The Prevention Empowerment Partnership (PEP), an initiative of Marshall University Research Corporation and the Center of Excellence for Recovery, will host the National Drug Take Back Day in partnership with the Huntington Police Department, Cabell County Sheriff’s Department and Marshall University School of Pharmacy.
The National Drug Take-Back Day is scheduled for Saturday, Oct. 28, from 10 a.m. to 2 p.m. at the following locations: Walgreen’s, 111 4th Ave., Huntington; Drug Emporium, 3 East Mall Rd., Barboursville; Huntington Police Department, 675 10th St., Huntington; and QRT office, 1133 20th St., Huntington.
The National Drug Take-Back Day aids in the prevention of medication abuse and theft by ridding homes of potentially dangerous medications that are expired, unused, and unwanted. Sites cannot accept personal care items, needles or sharps, liquid injectables, illegal drugs, thermometers and other mercury items, hydrogen peroxide or inhalers. The service is free and anonymous; no questions asked.
At the 2023 spring event, Americans turned in 332 tons of prescription drugs at nearly 5,000 sites operated by the Drug Enforcement Agency (DEA) in conjunction with 4,497 state and local law enforcement partners. Overall, the DEA and its partners have taken in over 17.3 million pounds of unused medications from Drug Take Back events.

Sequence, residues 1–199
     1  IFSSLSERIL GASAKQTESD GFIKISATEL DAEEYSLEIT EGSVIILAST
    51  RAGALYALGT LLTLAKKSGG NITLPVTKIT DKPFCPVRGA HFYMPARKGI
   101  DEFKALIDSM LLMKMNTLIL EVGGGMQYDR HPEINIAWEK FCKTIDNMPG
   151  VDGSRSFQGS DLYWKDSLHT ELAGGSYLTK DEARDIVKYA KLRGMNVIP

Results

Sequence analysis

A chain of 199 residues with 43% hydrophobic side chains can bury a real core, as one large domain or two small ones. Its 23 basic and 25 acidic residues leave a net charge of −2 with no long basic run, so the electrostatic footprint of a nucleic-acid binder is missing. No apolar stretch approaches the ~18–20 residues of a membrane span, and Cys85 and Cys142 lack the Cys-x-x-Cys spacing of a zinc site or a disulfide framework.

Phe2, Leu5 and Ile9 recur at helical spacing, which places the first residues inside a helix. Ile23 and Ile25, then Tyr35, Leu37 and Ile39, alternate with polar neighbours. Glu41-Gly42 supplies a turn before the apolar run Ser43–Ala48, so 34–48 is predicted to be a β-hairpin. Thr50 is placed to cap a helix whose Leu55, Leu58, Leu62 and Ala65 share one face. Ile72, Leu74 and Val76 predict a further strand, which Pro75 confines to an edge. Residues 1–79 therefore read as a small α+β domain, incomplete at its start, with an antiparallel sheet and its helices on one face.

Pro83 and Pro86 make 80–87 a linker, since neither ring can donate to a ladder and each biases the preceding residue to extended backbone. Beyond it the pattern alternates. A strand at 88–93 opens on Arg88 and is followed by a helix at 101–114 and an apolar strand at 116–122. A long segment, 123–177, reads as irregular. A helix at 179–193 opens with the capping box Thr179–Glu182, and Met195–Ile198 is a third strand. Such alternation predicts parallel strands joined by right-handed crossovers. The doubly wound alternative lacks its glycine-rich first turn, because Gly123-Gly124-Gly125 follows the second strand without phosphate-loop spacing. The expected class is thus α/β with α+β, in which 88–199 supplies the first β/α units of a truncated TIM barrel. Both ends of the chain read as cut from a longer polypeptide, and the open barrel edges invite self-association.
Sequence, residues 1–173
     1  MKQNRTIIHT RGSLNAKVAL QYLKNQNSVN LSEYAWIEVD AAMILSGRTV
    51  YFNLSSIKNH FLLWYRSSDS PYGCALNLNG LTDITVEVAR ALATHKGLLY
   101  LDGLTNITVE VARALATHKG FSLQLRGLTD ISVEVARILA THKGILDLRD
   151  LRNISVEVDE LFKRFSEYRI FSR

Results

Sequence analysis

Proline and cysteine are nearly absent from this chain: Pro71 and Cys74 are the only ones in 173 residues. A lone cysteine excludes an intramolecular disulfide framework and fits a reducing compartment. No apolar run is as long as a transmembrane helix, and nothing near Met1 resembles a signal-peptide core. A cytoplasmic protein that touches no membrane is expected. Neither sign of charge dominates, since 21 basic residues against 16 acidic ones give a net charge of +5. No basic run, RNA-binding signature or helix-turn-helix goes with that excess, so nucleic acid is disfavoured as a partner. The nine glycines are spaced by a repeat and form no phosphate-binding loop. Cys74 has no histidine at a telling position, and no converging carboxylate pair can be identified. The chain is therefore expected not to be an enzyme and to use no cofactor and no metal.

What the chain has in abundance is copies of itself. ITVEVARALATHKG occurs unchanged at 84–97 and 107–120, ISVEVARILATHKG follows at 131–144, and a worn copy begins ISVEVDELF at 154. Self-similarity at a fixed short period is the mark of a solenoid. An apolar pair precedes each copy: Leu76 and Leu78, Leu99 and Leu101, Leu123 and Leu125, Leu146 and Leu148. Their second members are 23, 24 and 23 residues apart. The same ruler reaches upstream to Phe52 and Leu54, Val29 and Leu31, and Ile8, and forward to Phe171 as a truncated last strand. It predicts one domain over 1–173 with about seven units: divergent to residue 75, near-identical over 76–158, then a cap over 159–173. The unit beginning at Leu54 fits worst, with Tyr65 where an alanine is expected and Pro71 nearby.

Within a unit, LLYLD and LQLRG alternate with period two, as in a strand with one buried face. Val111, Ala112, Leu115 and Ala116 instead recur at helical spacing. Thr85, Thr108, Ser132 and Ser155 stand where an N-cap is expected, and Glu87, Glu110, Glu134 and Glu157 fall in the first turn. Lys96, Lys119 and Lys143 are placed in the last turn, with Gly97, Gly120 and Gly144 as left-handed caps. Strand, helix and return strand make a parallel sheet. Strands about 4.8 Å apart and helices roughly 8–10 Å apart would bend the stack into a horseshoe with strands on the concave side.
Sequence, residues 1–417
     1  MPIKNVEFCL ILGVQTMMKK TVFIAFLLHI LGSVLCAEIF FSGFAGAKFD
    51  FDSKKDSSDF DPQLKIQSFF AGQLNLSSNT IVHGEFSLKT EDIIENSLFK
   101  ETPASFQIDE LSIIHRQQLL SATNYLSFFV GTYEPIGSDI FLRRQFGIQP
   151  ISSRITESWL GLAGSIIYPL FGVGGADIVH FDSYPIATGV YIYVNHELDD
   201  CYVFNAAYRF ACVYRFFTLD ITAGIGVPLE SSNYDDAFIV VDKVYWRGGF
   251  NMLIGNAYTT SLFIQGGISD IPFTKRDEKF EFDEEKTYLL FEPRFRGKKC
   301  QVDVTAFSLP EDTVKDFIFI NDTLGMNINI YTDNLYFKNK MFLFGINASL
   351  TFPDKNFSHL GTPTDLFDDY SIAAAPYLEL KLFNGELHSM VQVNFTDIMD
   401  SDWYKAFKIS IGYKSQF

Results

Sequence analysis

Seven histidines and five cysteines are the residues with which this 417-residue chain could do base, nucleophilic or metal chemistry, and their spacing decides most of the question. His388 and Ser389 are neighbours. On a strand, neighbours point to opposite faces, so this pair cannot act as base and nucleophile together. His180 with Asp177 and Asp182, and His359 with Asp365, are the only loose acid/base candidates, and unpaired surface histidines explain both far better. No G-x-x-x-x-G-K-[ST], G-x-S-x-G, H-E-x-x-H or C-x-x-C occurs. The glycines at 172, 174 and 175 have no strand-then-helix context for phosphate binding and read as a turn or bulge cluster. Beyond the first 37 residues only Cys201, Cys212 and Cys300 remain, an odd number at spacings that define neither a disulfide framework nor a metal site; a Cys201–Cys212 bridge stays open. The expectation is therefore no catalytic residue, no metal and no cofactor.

The initiative addresses a vital public safety and public health issue. Medicines that languish in home cabinets are highly susceptible to diversion, misuse, and abuse. Rates of prescription drug abuse in the U.S. are alarmingly high, as are the number of accidental poisonings and overdoses due to these drugs.
The Substance Abuse and Mental Health Services Administration’s National Survey on Drug Use and Health shows year-after-year that most misused and abused prescription drugs are obtained from family and friends, including someone else’s medication being stolen from the home medicine cabinet. In addition, Americans are now advised that their usual methods for disposing of unused medicines—flushing them down the toilet or throwing them in the trash — pose potential safety and health hazards.